Glyndebourne will return this summer
At a time where our diaries are a blank space peppered by the occasional crossed-out wedding, it’s nice to have an event on the horizon to look forward to.
Glyndebourne has just confirmed that it will proceed with its annual opera festival this summer. Like most events in our pandemic age, many alterations will be made to ensure that social distancing and other safety precautions are in place – audiences will be capped at 600, which is 50 per cent of the 1,200 person capacity, and entrances to the festival’s famed fine dining experiences will be staggered – but the prestigious event’s announcement is the first sign that the traditional British summer season, however altered, may be back on track.
“We are determined to present a festival this summer in whatever form is possible,” Sarah Hopwood, the managing director of Glyndebourne, says, “We consider this essential to protect the livelihoods of our staff and freelance artists we employ and to continue to engage with our audience, including members and supporters who have been so loyal and generous over the past year.”
The festival will will run from 20 May until 29 August and will showcase new productions of Janacek’s Kát’a Kabanová, Rossini’s Il turco in Italia and Verdi’s Luisa Miller, as well as a revival of Mozart’s Così fan tutte. There will also be a semi-staged concert of Wagner’s Tristan und Isolde with a full orchestra, seated on the stage. Glyndebourne’s resident orchestras will be joined by the Orchestra of the Age of the Enlightenment and the London Philharmonic Orchestra, who will perform a series of specially curated concerts.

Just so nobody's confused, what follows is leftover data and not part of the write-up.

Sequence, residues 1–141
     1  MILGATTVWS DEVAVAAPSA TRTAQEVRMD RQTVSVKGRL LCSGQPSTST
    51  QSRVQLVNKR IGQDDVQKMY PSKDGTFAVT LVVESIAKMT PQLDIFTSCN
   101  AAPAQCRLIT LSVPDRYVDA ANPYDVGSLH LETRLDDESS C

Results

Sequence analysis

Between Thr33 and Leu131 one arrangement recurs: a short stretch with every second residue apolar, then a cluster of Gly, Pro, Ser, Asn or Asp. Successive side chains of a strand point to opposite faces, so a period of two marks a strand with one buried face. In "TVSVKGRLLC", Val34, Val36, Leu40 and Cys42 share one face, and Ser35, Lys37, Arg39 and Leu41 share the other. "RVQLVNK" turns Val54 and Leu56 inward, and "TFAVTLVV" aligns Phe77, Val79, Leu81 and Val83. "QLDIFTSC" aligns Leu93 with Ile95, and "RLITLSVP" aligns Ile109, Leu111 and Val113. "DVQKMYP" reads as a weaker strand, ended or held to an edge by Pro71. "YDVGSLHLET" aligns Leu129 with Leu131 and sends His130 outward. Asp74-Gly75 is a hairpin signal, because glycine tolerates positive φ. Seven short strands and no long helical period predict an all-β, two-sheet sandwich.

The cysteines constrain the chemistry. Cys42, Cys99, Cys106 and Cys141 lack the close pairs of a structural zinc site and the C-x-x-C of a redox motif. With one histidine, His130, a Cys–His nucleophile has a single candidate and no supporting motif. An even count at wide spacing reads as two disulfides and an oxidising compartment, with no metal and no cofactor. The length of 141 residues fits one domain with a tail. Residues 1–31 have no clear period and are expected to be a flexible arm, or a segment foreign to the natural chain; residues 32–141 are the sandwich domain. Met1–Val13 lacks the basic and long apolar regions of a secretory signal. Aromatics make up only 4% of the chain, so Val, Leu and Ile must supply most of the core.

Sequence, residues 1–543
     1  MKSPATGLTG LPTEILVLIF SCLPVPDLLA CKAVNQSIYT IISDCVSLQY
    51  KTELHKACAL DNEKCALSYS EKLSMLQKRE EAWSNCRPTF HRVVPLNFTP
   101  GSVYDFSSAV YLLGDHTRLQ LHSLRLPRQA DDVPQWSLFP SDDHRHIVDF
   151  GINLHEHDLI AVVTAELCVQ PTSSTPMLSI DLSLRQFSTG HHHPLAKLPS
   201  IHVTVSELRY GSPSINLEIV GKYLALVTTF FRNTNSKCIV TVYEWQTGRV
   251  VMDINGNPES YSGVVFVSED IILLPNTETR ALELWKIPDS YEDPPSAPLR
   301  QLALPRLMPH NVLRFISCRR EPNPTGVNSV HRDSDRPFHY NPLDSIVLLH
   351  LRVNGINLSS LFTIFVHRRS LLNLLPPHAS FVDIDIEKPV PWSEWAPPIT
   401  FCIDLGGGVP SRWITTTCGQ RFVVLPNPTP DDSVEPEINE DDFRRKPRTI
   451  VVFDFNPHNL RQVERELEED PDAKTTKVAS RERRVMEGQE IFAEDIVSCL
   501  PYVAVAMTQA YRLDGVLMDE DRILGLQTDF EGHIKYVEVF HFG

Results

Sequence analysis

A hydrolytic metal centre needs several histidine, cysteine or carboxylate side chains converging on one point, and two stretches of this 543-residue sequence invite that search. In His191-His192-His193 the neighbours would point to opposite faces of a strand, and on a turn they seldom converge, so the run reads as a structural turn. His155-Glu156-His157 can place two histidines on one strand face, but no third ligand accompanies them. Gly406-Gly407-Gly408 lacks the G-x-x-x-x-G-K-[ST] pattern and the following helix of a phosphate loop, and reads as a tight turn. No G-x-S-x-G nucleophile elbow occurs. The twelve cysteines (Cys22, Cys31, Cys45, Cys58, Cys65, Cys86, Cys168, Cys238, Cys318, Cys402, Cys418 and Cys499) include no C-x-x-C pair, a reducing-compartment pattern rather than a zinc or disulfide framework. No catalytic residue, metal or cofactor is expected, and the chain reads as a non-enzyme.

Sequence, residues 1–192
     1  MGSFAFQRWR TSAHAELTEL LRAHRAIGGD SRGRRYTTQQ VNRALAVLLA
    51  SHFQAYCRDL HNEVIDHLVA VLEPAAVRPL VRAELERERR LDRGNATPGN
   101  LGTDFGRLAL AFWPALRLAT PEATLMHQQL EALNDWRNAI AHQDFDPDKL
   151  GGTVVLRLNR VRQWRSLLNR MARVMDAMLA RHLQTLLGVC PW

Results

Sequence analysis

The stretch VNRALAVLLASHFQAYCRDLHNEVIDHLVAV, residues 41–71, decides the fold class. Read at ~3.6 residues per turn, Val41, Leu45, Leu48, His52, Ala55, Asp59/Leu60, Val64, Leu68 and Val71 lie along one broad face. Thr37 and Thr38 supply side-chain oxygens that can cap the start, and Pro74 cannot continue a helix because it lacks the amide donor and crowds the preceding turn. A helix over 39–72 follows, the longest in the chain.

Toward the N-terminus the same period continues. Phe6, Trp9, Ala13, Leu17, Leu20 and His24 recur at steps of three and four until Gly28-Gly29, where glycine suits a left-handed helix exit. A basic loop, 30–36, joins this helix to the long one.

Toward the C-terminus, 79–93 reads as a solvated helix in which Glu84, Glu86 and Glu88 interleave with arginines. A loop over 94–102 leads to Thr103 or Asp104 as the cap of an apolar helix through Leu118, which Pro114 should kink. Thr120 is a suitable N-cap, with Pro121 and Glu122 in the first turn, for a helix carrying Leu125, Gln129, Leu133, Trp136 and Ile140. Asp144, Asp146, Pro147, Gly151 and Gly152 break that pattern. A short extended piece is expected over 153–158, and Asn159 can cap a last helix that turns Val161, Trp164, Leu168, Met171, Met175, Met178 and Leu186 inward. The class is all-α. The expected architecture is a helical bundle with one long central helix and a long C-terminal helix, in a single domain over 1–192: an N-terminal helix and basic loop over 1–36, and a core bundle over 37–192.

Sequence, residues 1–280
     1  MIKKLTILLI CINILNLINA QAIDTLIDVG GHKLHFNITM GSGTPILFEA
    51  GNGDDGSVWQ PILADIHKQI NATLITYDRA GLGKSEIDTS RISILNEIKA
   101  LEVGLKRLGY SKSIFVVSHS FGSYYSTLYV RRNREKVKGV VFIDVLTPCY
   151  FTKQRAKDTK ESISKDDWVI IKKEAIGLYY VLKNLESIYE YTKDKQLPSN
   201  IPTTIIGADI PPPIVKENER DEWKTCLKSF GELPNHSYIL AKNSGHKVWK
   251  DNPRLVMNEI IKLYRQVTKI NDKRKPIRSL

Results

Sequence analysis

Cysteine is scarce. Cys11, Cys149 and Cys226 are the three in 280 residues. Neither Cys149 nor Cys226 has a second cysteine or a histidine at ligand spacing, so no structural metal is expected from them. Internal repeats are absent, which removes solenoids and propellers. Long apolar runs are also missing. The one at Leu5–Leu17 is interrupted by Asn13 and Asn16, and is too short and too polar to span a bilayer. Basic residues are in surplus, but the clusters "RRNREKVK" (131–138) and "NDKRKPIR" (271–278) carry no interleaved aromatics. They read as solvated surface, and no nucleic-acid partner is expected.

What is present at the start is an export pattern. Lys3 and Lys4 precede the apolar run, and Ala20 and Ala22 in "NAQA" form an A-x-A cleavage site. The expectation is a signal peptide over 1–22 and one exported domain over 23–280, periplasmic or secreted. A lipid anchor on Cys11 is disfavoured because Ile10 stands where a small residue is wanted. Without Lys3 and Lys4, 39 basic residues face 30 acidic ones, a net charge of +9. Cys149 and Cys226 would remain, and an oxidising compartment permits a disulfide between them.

Of course, Glyndebourne is more than just its music. This year, the festival welcomes Chris and Jeff Galvin as executive chefs of the fine-dining Middle And Over Wallop restaurant, where they will hold a tenancy for the next three years. The brothers have designed three seasonally changing menus featuring some of their signature dishes, made famous at their Michelin-starred London restaurant Galvin La Chapelle. Besides an ethically sourced modern British menu, their Glyndebourne residency will offer gorgeous surroundings, decorated with props from past Glyndebourne productions and lit by Swarovski-crystal chandeliers.
The Glyndebourne gardens are also always a huge draw. This year will see an exhibition by the sculptor Halima Cassell, featuring seven sculptures, including two new, site-specific works. It is the first major exhibition of new work by the artist since she was awarded an MBE in the 2021 New Year Honours List. For those unable to make the festival, an online exhibition, ‘Forces of Nature’, featuring the work of female artists, will also be presented and all work will be available to view and purchase online.
During such fraught times, Glyndebourne’s announcement is a welcome respite. As Sarah Hopwood proudly declared: “We look forward to a summer of world-class opera.”
Glyndebourne Festival 2021 will run from 20 May to 29 August. Glyndebourne members have priority booking, and all remaining tickets will go on sale to the public in April.